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Has the Arab Spring failed?

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The Arab Spring was supposed to be a mass movement towards secular and liberal democracies. Having ignited in Tunisia back in December 2010, has it been a success?

Late that month, Mohamed Bouazizi, unable to find work and selling fruit by a roadside,  set himself on fire and passed away in early January 2011. This act bought together several groups in Tunisia, who had been growing in anti-government sentiment for several years.

The revolution in Tunisia, at least, succeeded in its aims. The government was overthrown and Zine El Abidine Ben Ali, the president since 1987, was forced into exile. Ben Ali had overseen a regime that was authoritarian with severe human rights abuses, and he was gone.

Tunisia’s period of transition ended in October 2014 and it is now officially a unicameral parliamentary republic. Tragically, 338 people lost their lives in the revolution.

Elsewhere, it is hard to see success stories. Protests took place throughout the Middle East and North Africa. Libya and Egypt overthrew Gaddafi and Mubarak, but both countries have to now deal with violent insurgencies and Libya is in a state of lawlessness, with several groups claiming to be the legitimate government.

In Yemen, the overthrow of the government has led to a civil war, which has involved brutal Saudi airstrikes that have resulted in severe loss of civilian life.

Then there's the situation in Syria; a six-year-long civil war which has generated the biggest humanitarian crisis since the Second World War. Iraq has been crippled too, far worse than any point in its recent history.

The death tolls are huge. Syria has lost 400,000 and Iraq around 72,000.

But why has this occurred?

Authoritarian regimes suck up power, like big government on steroids, and when they leave it leads to a complete power vacuum.

The regime controlled all aspects of life and now they’re gone.

The change is too sudden. It needs to be planned, controlled and involve a transition period, as Tunisia’s had.

You’ll then have several groups vying for power. Some may have honest intentions, but as we’ve seen others, more radical groups that have emerged, won’t.

This creates even further instability in a fragile region. Some regimes, such as that of Bashar al-Assad, aren’t going anywhere without a fight, and this emboldens human rights abuses.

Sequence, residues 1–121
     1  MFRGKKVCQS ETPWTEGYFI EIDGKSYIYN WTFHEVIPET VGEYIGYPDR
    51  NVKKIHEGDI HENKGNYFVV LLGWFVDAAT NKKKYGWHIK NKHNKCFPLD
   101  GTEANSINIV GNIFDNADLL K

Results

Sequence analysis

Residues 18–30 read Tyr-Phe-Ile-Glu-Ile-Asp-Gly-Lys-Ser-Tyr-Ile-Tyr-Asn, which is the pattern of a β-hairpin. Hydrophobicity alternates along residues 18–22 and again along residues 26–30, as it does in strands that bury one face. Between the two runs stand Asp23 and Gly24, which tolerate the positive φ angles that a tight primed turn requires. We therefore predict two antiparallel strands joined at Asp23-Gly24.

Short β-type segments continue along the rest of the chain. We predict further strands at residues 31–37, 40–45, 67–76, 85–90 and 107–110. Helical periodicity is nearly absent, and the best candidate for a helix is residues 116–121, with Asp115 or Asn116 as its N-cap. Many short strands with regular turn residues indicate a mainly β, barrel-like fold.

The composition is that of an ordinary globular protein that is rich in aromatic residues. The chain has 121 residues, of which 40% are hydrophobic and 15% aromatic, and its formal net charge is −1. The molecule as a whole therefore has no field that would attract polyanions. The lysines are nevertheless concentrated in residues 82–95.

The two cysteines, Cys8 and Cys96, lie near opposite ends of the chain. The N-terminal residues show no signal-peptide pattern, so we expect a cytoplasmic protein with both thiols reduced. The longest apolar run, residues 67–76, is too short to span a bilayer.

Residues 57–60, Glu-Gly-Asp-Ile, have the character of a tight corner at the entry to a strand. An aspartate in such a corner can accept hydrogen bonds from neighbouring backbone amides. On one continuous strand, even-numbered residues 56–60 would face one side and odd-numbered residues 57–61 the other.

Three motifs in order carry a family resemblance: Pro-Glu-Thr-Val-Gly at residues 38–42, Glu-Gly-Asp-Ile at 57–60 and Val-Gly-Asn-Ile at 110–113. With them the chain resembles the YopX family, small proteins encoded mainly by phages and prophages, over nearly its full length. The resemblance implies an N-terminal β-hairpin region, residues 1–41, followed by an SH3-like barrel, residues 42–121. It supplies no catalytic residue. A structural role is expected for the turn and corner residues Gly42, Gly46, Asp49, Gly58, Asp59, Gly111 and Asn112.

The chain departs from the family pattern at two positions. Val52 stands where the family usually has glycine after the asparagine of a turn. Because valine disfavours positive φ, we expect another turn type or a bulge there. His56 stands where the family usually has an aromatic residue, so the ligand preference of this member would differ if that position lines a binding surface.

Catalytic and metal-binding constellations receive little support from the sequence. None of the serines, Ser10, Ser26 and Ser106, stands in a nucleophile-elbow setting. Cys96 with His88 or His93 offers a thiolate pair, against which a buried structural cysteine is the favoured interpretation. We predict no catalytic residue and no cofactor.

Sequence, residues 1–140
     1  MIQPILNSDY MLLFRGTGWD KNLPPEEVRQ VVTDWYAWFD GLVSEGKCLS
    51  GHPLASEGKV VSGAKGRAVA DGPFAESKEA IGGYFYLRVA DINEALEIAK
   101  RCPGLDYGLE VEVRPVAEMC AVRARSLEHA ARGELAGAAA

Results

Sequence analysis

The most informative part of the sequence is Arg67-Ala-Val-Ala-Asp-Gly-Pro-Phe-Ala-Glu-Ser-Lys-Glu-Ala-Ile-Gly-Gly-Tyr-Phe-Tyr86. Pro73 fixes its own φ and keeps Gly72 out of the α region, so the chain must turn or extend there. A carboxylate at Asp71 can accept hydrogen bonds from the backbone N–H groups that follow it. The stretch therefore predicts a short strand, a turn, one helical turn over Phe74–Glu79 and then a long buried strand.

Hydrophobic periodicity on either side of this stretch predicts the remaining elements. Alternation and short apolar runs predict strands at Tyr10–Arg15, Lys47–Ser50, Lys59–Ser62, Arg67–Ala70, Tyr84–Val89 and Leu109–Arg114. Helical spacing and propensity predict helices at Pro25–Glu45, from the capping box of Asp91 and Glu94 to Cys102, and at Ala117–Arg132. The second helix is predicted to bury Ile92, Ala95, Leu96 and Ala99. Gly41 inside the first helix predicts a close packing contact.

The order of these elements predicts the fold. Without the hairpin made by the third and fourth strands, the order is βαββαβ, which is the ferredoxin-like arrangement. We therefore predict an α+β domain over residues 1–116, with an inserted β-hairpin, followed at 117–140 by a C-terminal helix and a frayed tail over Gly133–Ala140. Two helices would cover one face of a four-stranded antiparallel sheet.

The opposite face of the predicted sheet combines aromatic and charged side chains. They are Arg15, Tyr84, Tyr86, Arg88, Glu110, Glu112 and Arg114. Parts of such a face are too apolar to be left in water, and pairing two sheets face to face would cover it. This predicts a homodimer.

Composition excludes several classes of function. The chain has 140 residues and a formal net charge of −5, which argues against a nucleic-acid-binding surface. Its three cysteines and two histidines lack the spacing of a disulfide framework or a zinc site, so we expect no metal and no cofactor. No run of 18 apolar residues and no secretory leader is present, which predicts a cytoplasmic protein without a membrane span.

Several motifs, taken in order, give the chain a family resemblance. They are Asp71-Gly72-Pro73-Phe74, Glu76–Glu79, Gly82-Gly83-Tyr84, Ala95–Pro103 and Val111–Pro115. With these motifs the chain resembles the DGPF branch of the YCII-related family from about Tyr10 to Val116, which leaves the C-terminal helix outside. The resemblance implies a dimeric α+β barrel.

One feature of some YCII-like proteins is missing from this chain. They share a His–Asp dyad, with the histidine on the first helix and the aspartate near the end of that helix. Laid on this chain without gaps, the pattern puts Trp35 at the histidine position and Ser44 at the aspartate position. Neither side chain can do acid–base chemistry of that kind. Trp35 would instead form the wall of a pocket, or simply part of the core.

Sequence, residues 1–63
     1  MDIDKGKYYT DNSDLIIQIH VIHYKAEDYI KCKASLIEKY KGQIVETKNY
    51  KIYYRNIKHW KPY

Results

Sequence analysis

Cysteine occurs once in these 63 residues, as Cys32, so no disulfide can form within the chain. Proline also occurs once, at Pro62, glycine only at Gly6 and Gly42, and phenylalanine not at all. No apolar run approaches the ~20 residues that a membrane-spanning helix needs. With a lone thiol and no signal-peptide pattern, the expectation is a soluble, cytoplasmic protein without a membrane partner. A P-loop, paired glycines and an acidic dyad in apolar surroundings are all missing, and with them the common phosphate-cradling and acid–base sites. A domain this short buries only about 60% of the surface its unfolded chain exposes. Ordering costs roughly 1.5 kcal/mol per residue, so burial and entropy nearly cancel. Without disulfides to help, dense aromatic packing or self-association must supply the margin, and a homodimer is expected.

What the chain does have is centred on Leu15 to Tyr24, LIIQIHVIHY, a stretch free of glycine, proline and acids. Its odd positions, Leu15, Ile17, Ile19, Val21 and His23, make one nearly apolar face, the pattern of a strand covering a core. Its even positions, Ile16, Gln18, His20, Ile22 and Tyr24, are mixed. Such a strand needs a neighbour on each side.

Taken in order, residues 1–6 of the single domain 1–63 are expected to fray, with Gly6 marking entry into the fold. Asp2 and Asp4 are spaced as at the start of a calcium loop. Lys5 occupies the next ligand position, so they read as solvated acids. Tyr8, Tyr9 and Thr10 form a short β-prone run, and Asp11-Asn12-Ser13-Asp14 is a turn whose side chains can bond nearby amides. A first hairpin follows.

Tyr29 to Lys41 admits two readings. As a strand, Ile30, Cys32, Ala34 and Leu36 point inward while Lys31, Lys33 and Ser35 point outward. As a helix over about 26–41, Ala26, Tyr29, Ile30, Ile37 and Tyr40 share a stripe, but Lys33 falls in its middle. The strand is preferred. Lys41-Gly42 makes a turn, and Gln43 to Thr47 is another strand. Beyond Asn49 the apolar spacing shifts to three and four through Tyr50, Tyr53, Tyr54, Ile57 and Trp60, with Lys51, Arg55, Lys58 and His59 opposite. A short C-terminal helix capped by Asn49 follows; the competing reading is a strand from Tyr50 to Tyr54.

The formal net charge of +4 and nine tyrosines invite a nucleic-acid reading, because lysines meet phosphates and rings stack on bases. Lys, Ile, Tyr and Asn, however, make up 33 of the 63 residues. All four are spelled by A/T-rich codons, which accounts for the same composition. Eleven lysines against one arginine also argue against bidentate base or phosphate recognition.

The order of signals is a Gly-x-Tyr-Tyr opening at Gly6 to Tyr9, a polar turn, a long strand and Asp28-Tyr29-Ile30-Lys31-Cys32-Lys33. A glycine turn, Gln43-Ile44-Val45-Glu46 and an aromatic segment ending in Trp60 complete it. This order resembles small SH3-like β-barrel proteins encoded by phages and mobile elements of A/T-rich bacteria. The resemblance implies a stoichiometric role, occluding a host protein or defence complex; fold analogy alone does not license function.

Just recently, several Gulf nations have demanded Qatar close down Al-Jazeera. The broadcaster, funded in part by the ruling Al-Thani family, cannot be broadcast in Saudi Arabia or Bahrain, with fines being a potential punishment.

Al-Jazeera’s offices in Amman, Jordan have been closed. Their property in Cairo was seized in 2013, amidst claims of support for the Muslim Brotherhood.

Regardless of your views on the organisation, this is concerning. This shows a desire in part of nations in the region to crack down on dissenting views, which would leave nobody in the region left to hold these governments to account. This would allow them to get away with more and more human rights abuse.

In Bahrain, despite all the glamour of the Grand Prix, this is even more startling. Bahrain was still relatively safe for journalists until protests in 2011.

In 2011, Zakariya Rashid Hassan al-Ashiri, a journalist at Al-Dair, a small local paper was arrested for allegedly circulating fake news and incitement. He died whilst in casualty, and authorities claim al-Ashiri died of sickle cell anaemia complications, however, his family claim he did not suffer from this condition.

That same week, Karim Fakhrawi, founder of Al-Wasat, Bahrain’s only independent newspaper who was in custody for a week, also died. The authorities claim he had kidney failure, but pictures of Fakhrawi’s body with extensive cuts and bruises were published online.

Several Bahraini journalists are currently in Jaw prison, which is has been widely reported to be a torture site.

Nabeel Rajab, president of the Bahrain Center for Human Rights (BCHR), has spent several stints in the prison. He once wrote in HuffPost: "Jaw is where civilisation [sic] ends in Bahrain, and it is where civilised manners die, and civilised people [are] broken."

Rajab is currently awaiting another trial, but according to BCHR is in poor health and his family are unable to contact him.

This is how Bahrain treats an opposition leader, someone who can stand up to the government and make changes; he is being silenced and the regime is getting bolder and bolder in attempts to curb dissent.

In June, the government closed down Al-Wasat. Journalists working for foreign news media are being refused accreditation.

The Arab Spring has failed. It may have bought regime change, but apart from Tunisia, this has been negative. Regimes have cracked down further on civil liberties, making the Middle East and North Africa far more unstable than it was back in January 2011.

Algeria, which was crippled by a brutal civil war between 1991 and 2002, escaped largely unaffected. This is despite the government allegedly being figureheads, with the country run by a mysterious unelected group referred to as Le Pouivor.

Perhaps people feared that mass protests would see a return to the days when secularists fought with Islamists to control the country.

These crack downs on civil liberties, right to protest and freedom of speech only increases the power the regimes hold over their population, this makes peace in the region a lot further away from happening.




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